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Searches for HI in the Outer Parts of Four Dwarf Spheroidal Galaxies  [PDF]
L. M. Young
Physics , 1999, DOI: 10.1086/301187
Abstract: Previous searches for atomic gas in our Galaxy's dwarf spheroidal companions have not been complete enough to settle the question of whether or not these galaxies have HI, especially in their outer parts. We present new observations of the dwarf spheroidals Sextans, Leo I, Ursa Minor, and Draco, using the NRAO 140-foot telescope to search much farther in radius than has been done before. The new data go out to at least 2.5 times the core radius in all cases, and well beyond even the tidal radius in two cases. These observations give HI column density limits of 2-6 x 10^17 atoms cm^-2. Unless HI is quite far from the galaxies' centers, we conclude that these galaxies don't contain significant amounts of atomic gas at the present time. We discuss whether the observations could have missed some atomic gas.
HI Observations Towards the Sagittarius Dwarf Spheroidal Galaxy  [PDF]
W. B. Burton,Felix J. Lockman
Physics , 1999,
Abstract: We have measured the 21-cm line of Galactic HI over more than 50 square degrees in the direction of the Sagittarius dwarf spheroidal galaxy. The data show no evidence of HI associated with the dwarf spheroidal which might be consider analogous to the Magellanic Stream as it is associated in both position and velocity with the Large Magellanic Cloud. Nor do the HI data show evidence for any disturbance in the Milky Way disk gas that can be unambiguously assigned to interaction with the dwarf galaxy. The data shown here limit the HI mass at the velocity of the Sagittarius dwarf to <7000 solar masses over some 18 square degrees between Galactic latitudes -13 degrees and -18 degrees.
Detection of HI associated with the Sculptor Dwarf Spheroidal Galaxy  [PDF]
Claude Carignan,Sylvie Beaulieu,Stephanie Cote,Serge Demers,Mario Mateo
Physics , 1998, DOI: 10.1086/300540
Abstract: Neutral hydrogen (HI) has been detected in the Local Group dwarf spheroidal galaxy Sculptor with the 64 m Parkes single dish and mapped with the Australia Telescope synthesis array. Most of the detected HI is in two clouds \sim 15'-20' away from the optical center. The gas is observed at the same systemic velocity than the stars but at \ge 125 \kms away from the Magellanic Stream components in that region. A lower limit to the HI mass of 3.0 \times 10^4 \Msol is derived from the synthesis observation for an M_HI/L_B \simeq 0.02. This amount of HI is compatible with mass loss expected from normal giants even if only 10% of the gas is retained by the galaxy in its neutral form.
The HI environment of the Sculptor dwarf spheroidal galaxy  [PDF]
Antoine Bouchard,Claude Carignan,Sergey Mashchenko
Physics , 2003, DOI: 10.1086/377312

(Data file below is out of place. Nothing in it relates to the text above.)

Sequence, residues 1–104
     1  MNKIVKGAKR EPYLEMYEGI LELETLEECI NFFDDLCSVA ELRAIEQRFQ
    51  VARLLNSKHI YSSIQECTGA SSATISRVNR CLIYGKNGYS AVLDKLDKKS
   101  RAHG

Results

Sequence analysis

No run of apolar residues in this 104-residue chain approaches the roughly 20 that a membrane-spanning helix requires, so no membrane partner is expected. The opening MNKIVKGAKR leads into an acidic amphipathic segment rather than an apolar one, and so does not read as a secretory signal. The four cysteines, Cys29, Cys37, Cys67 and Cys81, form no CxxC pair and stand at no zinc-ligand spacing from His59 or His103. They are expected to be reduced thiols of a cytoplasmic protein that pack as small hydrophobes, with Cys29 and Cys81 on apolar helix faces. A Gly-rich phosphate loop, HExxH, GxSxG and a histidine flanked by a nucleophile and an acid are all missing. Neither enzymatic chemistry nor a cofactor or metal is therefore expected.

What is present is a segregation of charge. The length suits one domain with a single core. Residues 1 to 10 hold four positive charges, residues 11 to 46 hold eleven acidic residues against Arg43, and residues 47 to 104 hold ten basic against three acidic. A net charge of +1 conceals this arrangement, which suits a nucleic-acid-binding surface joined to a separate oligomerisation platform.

Abstract: New observations of the neutral hydrogen (HI) in and around the line of sight of the Sculptor dwarf spheroidal (dSph) are presented. The data obtained with the single-dish Parkes telescope cover a large area of 7\degr x 7\degr in the direction of the dwarf, and have resolutions of 15\farcm x 1.12 km/s. The Australia Telescope Compact Array (ATCA) was used to map a smaller area of 2\degr x 2\degr centered on the direction of the dwarf with higher resolutions (350\arcsec x 140\arcsec x 1.65 km/s). Many HI structures having velocities outside the range of the normal Galactic disk velocities were detected, including the two Sculptor clouds (northeast and southwest) of Carignan et al. (1998, C98). The present study shows the total extent of the C98 clouds. We derived heliocentric radial velocities for the NE and SW clouds of 100.2\pm 0.9 km/s and 105.1\pm 0.3 km/s, respectively. The intensity-weighted mean HI velocity for both clouds is 104.1\pm 0.4 km/s. The mass of each cloud is (4.1\pm 0.2) x 10^4 M_\odot (NE cloud) and (1.93\pm 0.02) x 10^5 M_\odot (SW cloud) at the Sculptor dSph distance (79 kpc).
Indirect searches for dark matter annihilations toward dwarf spheroidal galaxies with VERITAS  [PDF]
Matthieu Vivier,for the VERITAS collaboration
Physics , 2011,
Abstract: In the cosmological paradigm, cold Dark Matter (DM) dominates the mass content of the Universe and is present at every scale. Candidates for DM include many extensions of the standard model, with a weakly interacting massive particle (WIMP) in the mass range from 50 GeV to greater than 10 TeV. The self-annihilation of WIMPs in astrophysical regions of high DM density can produce secondary particles, including very high energy (VHE) gamma rays, with energies up to the dark matter particle mass. The VERITAS array of Cherenkov telescopes, designed for the detection of VHE gamma rays in the 100 GeV-10 TeV energy range, is an appropriate instrument for the detection of DM and is complementary to Fermi-LAT. Dwarf spheroidal galaxies (dSphs) of the Local Group are potentially the best targets to search for the annihilation signature of DM due to their proximity and large DM content. We report on the latest VERITAS observations of dSphs and discuss the results in the framework of WIMP models.
The Progenitors of Dwarf Spheroidal Galaxies  [PDF]
Eva K. Grebel,John S. Gallagher,Daniel Harbeck
Physics , 2003, DOI: 10.1086/368363